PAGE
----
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21 Tips for Throwing a Great Book Release Party (or any book party!)

You’ve just spent years researching, writing, editing, and publishing your book. At times it’s been excruciating but you’ve persevered and want to share the joy. So just like having a baby, it’s time to celebrate the birth of your book.

Book Release PartyThere are a number of reasons to throw a Book Release Party:

  1. It’s a time to celebrate with the people who supported you: family, friends, neighbors, colleagues, and people you randomly meet on the street.
  2. A book release party is a prime opportunity to start your initial book buzz.
  3. A party with all your supporters is a great way to help get your investment back. Here is an opportunity to sell direct-to-consumer with no middleman (like Amazon) to take a cut.
  4. It’s a great photo op, providing umpteen photos with a whole room full of people having a great time holding, reading, and partying with your book in hand. You’ll use these photos for the rest of your promotional days.

Book Release Parties have various looks and feels to them: A children’s book release party might be held on a Sunday afternoon with bouncy castles and cupcakes. A historic/fiction/fantasy might encourage a character-costume party! A charity related genre might be geared toward a fundraising event. So while these 21 tips can be used for any book or genre, please tweak these ideas to make them your own to suit your unique brand and story.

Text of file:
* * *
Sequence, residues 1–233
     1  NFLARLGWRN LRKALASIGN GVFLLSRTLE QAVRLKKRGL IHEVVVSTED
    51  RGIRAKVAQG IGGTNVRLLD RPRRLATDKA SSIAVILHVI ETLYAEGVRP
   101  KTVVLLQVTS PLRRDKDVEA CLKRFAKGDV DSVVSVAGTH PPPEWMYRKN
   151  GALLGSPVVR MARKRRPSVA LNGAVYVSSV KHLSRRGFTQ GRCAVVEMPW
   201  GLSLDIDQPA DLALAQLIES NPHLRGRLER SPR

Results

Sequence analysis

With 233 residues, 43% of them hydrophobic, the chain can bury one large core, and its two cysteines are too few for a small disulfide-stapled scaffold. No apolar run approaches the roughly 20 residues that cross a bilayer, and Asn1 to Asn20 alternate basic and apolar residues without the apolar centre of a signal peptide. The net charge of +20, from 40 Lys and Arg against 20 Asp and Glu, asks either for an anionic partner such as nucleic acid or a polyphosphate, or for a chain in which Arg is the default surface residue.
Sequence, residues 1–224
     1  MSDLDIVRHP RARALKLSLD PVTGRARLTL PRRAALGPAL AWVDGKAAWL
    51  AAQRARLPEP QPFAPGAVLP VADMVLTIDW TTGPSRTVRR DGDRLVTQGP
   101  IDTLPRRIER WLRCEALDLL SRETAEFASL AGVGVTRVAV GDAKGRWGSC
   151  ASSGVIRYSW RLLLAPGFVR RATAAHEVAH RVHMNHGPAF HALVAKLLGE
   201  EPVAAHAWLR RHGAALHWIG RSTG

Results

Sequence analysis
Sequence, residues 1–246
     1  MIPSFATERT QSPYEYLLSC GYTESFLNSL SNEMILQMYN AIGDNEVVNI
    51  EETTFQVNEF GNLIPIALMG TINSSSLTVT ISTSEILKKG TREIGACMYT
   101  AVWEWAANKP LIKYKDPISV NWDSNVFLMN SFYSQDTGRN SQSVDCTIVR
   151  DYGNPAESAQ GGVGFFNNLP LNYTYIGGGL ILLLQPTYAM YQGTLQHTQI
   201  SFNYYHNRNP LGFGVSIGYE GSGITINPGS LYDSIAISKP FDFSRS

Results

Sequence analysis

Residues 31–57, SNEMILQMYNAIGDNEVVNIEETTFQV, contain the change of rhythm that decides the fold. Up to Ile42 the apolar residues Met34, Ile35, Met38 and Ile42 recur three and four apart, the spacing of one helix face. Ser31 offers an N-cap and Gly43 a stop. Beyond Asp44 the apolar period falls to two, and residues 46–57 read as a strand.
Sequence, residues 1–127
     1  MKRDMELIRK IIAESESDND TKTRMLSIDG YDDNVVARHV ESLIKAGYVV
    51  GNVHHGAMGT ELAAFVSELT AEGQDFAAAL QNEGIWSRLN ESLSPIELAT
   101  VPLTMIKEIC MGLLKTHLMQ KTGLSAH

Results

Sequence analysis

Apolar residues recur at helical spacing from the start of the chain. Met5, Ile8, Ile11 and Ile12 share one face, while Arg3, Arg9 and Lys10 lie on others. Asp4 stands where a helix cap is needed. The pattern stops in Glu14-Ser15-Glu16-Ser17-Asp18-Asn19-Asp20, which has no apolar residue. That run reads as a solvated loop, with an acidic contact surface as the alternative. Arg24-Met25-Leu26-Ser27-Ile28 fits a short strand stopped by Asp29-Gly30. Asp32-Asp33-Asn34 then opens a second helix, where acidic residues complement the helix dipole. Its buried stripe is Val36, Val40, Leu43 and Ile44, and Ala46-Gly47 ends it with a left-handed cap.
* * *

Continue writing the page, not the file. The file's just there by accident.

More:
Tips for Hosting a Great Book Release Party

1. Hold your party at a centrally located restaurant, bar, or coffee shop that has plenty of parking and some atmosphere. You want to make it as easy as possible for people to get there, so remove the hurdles. If you have to give intricate directions, then it’s not a good venue.

2. Don’t have your book release party at a bookstore. We love bookstores, but they’re hardly a place to party with robust celebration. They also take 40%! A book release party is a prime opportunity to make back a lot of your initial investment to publish your book, so this is not a good time to give someone 40% of your sales.

3. Talk to the restaurant/bar/coffee shop and tell them what you’re doing. They’ll welcome your event with open arms – particularly if you have it on an off night. If they’re already full to the rafters on Thursday/Friday/Saturday, and empty the other nights, offer to bring in your crowd on a Monday/Tuesday/Wednesday. They’ll more than likely give you a food and/or drink special. (You could even ask them to put a twist on the name of a drink honoring your book, or a character in the book!)

4. You should buy the finger foods, and everyone can pay for their own drinks. Many people will eat at the restaurant too, which is attractive for the restaurant.

5. Host your book release party on a special day. That could be as simple as your birthday. Or it could be a day that represents the book and its topic. For example, if it’s book about World War II, maybe have it on Dec 7, Pearl Harbor Day, or Veterans Day. If it’s a story about your life with triplets, have it on National Multiples Day. Or it could be a day that means something to you only. For example, if your book is about an accident that changed your life, have it on that day as a show of honoring the fact that you persevered past it.

6. Get the Square or a PayPal charger for your smart phone for taking credit cards. Statistics prove that people will buy 30% more if they can charge it.

7. You could get a 24 x 36 poster board printed of your book cover. These are great to have at the entry of your book party – and to use as a photo op! (You can get these printed at Office Depot or Staples. They’re often on sale for around $10 – $15)